As mentioned in a former blog, I always visit the places I write about. During WWII, a great deal of art was stolen from Jews and other “undesirables” and stored in the Room of Martyrs at the Musée du Jeu de Paume in Paris.  The museum is located on the west side of the Tuileries Gardens and is now a museum of Contemporary Art.  Visiting was a treat, although the “Room” is no longer there.  Most of the Impressionist and Post-Impressionist works originally housed there are now on display at the Musée d’Orsay, on the banks of the Seine, in an old converted railway station.

And last but central to the storyline, is Vincent van Gogh, the mad genius whose painting is lost, perhaps forever.  “Vase with Oleanders” is not typical of his vibrant colors, his wheat fields or his starry nights.  But there’s no doubt this is Vincent’s work, even if his signature wasn’t in the lower left corner of the painting.  Which it is.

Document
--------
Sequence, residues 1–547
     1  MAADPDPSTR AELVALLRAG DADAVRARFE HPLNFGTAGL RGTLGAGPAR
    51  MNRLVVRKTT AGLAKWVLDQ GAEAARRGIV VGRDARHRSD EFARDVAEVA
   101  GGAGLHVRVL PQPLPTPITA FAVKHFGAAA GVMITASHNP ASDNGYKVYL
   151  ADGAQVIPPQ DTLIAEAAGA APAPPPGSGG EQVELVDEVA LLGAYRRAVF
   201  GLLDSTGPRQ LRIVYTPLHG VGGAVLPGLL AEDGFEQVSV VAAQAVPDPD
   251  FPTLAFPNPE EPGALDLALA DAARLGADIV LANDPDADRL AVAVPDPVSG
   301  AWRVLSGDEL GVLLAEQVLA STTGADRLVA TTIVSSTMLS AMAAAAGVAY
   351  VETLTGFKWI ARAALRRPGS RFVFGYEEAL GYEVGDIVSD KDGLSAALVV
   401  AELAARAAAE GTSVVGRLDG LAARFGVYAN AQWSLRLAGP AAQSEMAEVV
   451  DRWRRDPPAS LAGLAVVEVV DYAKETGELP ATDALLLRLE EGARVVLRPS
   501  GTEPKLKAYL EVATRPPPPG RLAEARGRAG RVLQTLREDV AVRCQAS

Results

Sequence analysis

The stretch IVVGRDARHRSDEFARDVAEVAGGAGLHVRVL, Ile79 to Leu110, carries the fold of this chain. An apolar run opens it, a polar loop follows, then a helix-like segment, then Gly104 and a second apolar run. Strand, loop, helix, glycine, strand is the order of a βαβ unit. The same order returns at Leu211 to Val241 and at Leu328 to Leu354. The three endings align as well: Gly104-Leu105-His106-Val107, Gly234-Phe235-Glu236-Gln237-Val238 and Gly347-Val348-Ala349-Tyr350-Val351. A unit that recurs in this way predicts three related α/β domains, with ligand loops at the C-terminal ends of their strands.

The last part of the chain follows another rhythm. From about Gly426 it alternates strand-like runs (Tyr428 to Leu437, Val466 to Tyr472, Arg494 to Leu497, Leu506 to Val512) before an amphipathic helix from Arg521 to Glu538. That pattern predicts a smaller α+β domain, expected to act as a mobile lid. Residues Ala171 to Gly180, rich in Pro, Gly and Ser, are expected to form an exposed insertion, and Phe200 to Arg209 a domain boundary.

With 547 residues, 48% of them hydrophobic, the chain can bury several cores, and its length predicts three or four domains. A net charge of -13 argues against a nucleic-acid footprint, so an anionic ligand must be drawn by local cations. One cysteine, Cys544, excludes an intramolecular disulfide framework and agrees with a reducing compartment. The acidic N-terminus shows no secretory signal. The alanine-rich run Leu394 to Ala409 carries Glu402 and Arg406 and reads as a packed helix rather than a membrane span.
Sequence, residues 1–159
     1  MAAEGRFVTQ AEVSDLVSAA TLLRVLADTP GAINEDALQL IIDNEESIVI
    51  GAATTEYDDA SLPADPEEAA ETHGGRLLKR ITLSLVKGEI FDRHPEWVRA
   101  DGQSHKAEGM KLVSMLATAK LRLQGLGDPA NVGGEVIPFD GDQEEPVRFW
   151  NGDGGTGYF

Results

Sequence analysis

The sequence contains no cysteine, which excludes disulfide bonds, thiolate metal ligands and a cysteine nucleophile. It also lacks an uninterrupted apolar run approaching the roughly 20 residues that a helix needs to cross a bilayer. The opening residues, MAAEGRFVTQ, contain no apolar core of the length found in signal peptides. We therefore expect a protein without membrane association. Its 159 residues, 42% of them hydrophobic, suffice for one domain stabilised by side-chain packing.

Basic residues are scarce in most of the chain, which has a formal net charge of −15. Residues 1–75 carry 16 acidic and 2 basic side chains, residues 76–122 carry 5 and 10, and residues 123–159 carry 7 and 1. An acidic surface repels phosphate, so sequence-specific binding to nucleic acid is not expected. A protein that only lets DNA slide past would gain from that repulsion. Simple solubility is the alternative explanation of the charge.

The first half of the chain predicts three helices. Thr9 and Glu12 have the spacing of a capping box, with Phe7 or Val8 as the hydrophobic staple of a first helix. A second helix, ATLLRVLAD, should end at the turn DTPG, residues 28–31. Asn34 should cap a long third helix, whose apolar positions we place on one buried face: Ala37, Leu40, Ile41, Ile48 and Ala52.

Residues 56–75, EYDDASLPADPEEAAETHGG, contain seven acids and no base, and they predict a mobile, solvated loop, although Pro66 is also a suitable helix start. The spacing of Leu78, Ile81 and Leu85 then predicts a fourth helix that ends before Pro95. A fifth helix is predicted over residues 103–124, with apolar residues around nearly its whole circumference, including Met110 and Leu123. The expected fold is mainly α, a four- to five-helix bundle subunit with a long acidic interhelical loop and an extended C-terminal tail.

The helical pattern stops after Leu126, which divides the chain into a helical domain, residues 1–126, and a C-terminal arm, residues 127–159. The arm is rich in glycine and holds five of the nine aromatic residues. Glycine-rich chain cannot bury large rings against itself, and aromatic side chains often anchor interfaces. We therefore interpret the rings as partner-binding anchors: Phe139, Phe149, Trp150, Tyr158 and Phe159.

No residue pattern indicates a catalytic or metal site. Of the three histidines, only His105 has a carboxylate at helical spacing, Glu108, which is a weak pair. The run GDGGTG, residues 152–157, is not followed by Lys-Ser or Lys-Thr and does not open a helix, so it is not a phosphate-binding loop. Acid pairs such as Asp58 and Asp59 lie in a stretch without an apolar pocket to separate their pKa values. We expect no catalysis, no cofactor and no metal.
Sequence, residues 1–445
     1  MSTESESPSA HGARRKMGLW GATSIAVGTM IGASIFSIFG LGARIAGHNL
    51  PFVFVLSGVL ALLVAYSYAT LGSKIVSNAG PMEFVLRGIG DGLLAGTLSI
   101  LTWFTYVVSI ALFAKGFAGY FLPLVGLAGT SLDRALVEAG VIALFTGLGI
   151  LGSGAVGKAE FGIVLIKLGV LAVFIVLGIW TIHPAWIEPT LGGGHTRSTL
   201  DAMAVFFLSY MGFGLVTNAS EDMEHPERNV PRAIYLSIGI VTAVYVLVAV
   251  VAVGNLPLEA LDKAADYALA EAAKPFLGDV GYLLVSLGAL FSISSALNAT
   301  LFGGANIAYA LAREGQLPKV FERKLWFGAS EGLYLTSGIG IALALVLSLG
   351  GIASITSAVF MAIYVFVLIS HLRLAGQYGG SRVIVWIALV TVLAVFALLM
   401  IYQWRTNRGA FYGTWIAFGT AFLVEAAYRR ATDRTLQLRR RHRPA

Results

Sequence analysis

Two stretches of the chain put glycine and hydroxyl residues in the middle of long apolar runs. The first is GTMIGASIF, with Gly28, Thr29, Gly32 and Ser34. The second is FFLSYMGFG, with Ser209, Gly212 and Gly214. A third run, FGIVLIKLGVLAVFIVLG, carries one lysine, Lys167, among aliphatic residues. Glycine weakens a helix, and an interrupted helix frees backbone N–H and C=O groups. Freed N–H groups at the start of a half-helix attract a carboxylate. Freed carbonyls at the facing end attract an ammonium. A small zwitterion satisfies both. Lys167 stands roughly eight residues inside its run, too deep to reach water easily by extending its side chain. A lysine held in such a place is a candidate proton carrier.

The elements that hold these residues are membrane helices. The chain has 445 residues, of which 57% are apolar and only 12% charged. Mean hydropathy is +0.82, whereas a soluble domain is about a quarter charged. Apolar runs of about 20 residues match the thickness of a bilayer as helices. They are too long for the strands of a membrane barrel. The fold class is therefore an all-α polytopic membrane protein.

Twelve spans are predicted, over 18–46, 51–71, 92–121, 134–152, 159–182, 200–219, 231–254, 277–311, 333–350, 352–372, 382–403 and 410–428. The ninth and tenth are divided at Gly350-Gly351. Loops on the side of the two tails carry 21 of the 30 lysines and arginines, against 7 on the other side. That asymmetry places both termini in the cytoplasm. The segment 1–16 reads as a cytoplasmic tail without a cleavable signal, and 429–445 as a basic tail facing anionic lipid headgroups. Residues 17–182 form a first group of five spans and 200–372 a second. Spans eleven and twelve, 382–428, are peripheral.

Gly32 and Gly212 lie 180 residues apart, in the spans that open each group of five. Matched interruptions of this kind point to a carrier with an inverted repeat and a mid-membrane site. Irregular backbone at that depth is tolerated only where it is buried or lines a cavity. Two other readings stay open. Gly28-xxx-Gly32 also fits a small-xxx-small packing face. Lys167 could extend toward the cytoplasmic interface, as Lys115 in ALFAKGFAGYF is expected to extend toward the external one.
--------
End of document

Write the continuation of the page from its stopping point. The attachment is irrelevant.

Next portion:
The painting was owned by the Bernheim-Jeunes, a French Jewish family of art collectors.  When they realized their art was about to be confiscated by the Nazis, they hid their collection, including the Van Gogh, at a friend’s mansion – The Chateau de Rastignac, near Bordeaux.  Unfortunately, in 1944, the Nazis raided and looted the Chateau then burned it to the ground.  Was the Van Gogh trundled aboard a Nazi truck and whisked away?  Did a soldier steal it?  A civilian in the town?  Was it burned with the Chateau?

Today, there is still a great deal of interest in this subject and the world of art looting and theft.  I’ve spoken about it to a number of different audiences and each time I must update it because new information appears almost weekly in the news.  Lost paintings found, fought over by heirs in the courts, and, sometimes, won.  Like Maria Altmann and the portrait of her aunt, The Woman in Gold.

History can never remain solely in the past. Past events have a profound influence on the present and the future.  I believe they should.